We vs "cool" aliens:
We/humanity, is, at this point in time, primitive - we've been serious about technology for only ~400 years.
Civilizations that can build ships able to travel to near light-speed developed technologically for tens of thousand of years (most likely).
You are saying that WE can't build near-lightspeed ships, WE can't "see" planets in detail (we're getting closer to this goal, though), WE can't avoid a space rock (which is actually not true when we're talking "rocks"), etc.
You're saying nothing about a species thousands of years more advanced than us. If something can be done according to physical laws, then this species should be able to do it.
WE are, of course, nowhere near the level of technology needed to build a near-lightspeed ship.
But we're relatively close (a few centuries) to building interplanetary ships - and colonize our own solar system (our own back yard, so to speak).
This achievement will alleviate population pressure/resource scarcity for the next thousands of years - during which time we will develop technologically.
The resources of a solar system are vast, but ultimately limited.
As you said one motivaton in colonization has been, historically, resource scarcity - of course, it was not the only motivation; not even close.
After thousands of years, population pressure and resource scarcity will impose a vigurous space colonization program - of course, space colonization could have begun long before that point, due to various "motivations".
Is it possible that we will self-destruct tomorrow/in the next decades/due to population pressure and resource scarcity? Yes - the cold war is testimony to that. One of the proposed solutions for the Fermi Paradox
is that all species self-destruct once they reach a certain point in their development. Another solution is that intelligent/technological life is extremely scarce. And there are other, more "unorthodox" solutions.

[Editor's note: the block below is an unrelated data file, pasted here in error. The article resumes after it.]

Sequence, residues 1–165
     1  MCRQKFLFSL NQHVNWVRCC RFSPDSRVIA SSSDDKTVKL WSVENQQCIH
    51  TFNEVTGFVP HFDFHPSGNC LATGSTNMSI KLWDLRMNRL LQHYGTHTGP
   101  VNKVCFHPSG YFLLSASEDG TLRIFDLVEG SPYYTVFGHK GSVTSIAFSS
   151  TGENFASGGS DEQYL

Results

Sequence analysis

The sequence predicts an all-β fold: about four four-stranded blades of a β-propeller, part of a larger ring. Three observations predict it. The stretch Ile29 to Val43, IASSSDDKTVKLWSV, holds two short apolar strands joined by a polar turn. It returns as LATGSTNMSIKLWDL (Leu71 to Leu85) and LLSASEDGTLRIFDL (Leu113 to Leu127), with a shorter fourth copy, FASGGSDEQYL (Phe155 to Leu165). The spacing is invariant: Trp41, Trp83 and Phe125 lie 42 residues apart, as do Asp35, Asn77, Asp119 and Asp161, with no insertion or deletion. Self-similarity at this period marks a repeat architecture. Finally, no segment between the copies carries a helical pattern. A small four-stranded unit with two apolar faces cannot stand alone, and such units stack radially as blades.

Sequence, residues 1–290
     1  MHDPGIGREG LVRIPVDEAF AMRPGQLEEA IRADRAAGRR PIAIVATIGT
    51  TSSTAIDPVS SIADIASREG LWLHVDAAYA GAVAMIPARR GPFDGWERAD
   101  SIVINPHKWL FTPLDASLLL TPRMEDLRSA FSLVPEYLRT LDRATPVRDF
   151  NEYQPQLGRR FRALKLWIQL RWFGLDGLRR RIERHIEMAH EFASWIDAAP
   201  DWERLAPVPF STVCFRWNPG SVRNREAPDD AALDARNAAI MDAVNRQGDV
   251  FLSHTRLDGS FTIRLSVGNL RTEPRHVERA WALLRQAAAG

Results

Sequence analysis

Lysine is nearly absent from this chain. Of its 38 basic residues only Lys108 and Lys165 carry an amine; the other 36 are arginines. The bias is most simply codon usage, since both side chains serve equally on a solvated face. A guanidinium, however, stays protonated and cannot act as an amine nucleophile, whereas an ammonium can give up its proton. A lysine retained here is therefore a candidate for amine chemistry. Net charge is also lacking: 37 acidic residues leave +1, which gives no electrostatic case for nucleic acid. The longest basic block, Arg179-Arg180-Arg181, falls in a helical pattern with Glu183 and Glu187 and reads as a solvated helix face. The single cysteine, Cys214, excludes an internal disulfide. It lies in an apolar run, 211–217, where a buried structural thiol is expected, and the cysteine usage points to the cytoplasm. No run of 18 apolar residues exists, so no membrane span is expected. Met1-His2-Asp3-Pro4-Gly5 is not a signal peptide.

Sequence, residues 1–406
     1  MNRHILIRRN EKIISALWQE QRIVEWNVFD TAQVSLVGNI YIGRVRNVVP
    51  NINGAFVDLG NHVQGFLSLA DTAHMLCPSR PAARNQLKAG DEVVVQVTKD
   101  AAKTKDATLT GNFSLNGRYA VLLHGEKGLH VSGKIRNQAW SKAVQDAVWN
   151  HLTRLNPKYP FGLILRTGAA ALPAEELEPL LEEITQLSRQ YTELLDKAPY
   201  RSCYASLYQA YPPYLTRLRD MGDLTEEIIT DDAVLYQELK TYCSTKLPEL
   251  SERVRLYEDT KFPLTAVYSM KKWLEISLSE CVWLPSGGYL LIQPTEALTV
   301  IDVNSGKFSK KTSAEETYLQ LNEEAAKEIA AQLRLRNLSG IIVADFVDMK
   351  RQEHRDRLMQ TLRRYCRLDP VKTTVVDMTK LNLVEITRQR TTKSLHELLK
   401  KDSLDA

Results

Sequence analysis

But it's also possible we won't self-destruct at all.
I mentioned the 1500-now example to exemplify how fast cultures can change/how fast population can grow, given adecvate resources.
And a colonization ship can carry tens of thousands of colonists (this is a timid estimation
) - most of whom could very vell be "frozen" (or something similar). Also, don't think these colonists won't have the means (technological or otherwise) to reproduce/increase their numbers rapidly, if they so wished - of course, they shouldn't have the motivation to increase their numbers by such means beyond what is needed for their safety/prosperity.
About "space wars" - when we're talking about interstellar civilizations:
- the civilizations are at about the same level - in which case neither will gain an advantage - meaning both will continue to exist/expand.
- one civilization is far more advanced than another - in which case this civilization could destroy the opposing one (a task which will take centuries/millenia at the very least!) - meaning the more advanced civilization will continue to exist/expand.
It's worth mentioning that the less advanced civilization could survive simply by sending near-lightspeed colonizing ships in the direction opposite to the more advanced civilization.
As you see, in no possible scenario will alien life disappear.
If AIs destroyed their organic creators, these AIs would take their place and become a space-faring civilization.
About gene-manipulation - why would this lead to the demise of a species? Could you elaborate?
And about the Fermi paradox/Drake equation:
Yes - why are the aliens not here, when they should be here, according to what we know about physics, chemistry and probability?
The truth is - we don't know. Several explanations were offered, but none was truly convincing.
The light speed limit, though, is NOT a viable explanation.